The Ultimate Panopticon

I recently read an excerpt from Michel Foucault’s “Panopticism” in the class “Perspectives on Gender” with Professor Marcus, and upon finishing Part 2 of Go Tell It on the Mountain, I could not help but be reminded of Foucault’s work, specifically the parallels between what he names as “The Panopticon” and the role of religion in the lives of John and his family members. Foucault defines The Panopticon in the context of the carceral system, inspired Jeremy Bentham’s idea for prison reform where the cells circle around a central guard tower, The Panopticon (like the image above). Because they each face inward towards the tower, The Panopticon represents the constant possibility of surveillance, so much so that there not even need be a person inside as long as the people in the prison have internalized this belief (fear) that they are constantly being watched. There is no escape from this incessant monitoring, real or imagined, and risk of punishment that follows should they be caught doing the “wrong” thing. Given the seemingly narrow scope of The Panopticon in Foucault’s writing, I asked: what might The Panopticon look like in other settings? 

I think Go Tell It on the Mountain offers one possible answer to this question. I would argue that religion functions as some sort of Panopticon-like force in John’s life. One moment where this idea is especially evident is when John visits the movie theater when “having once decided to enter, he did not look back at the street again for fear that one of the saints might be passing and, seeing him, might cry out his name and lay hand son him to drag him back” (Baldwin 37). John very clearly worries that a member of his church will see him committing this sin and become someone who can testify against him before the Lord come judgment time. In other words, John feels that there is no reprieve from God’s watchful eyes. Another similar example of this idea is when the mass attendees recite “My soul is a witness for my Lord,” and in this instance, John experiences “an awful silence… a dreadful weight, a dreadful speculation… and this weight began to move at the bottom of John’s mind, in a silence like the silence of the void before creation, and he began to feel a terror he had never felt before” (Baldwin 76). I understand John’s visceral reaction to this religious expression to speak to the fear that arises from the exact internalized perception of constant surveillance that is the basis for The Panopticon. For John, by way of others or himself, there is no escaping God’s sight nor this world of binaries– good and evil, white and black– he sees as intrinsically connected to and enforced by his religion.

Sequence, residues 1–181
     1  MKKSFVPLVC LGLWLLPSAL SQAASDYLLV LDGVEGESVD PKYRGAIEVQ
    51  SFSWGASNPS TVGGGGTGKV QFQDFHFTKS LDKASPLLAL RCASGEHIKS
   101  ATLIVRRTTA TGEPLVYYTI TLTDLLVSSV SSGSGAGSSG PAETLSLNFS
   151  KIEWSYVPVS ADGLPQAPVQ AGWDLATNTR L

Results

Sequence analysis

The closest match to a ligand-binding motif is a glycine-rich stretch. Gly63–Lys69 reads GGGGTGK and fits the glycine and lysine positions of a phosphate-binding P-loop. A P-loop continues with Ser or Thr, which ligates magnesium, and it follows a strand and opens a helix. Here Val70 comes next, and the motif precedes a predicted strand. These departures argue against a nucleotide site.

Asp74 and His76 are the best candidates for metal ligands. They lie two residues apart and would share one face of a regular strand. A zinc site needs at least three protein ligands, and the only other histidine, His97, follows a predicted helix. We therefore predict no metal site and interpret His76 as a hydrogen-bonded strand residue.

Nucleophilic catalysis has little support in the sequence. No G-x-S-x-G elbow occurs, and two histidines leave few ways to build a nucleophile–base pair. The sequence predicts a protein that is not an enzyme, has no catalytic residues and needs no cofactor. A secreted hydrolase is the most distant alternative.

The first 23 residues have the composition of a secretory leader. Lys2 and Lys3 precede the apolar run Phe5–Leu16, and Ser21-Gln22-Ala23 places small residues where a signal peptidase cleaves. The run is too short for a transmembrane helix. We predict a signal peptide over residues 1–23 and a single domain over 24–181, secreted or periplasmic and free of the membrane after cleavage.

2 thoughts on “The Ultimate Panopticon”

  1. I really enjoyed the connection you made between the Panopticon and the role of religion in Go Tell it on the Mountain. The first thing I thought of when reading this was the commonly known phrase “God is always watching.” As you mention, like the Panopticon that constantly surveys those imprisoned, God serves as a similar “surveillance”. Although in the context of religion, the belief is that God is always looking into our lives and constantly watching us because he loves us, I think that like the Panopticon there is this internalized fear that comes with God always watching. We fear God will see our sins, when we know we are doing something wrong in his eyes we become nervous because he is watching, and so much more. And, I think that all of this is related to guilt. We aren’t aware of God or even the Panopticon watching unless we know we’re doing something we’re not supposed to be doing.

  2. As someone who also recently read Michel Foucault’s “Panopticism”, I truly enjoyed this comparison to Baldwin. I also find that the watchful eye of God was something John felt he could not escape from. The way that He is always searching and looking for sin. I believe that John does not fully comprehend that God is not looking for people who sin to no longer allow them into Heaven. Yet, as someone who did not grow up in a Southern Baptist Church, I guess I do not have the full understanding of what their teachings are. Yet, the Panopticon is a great comparison to how John is likely feeling!

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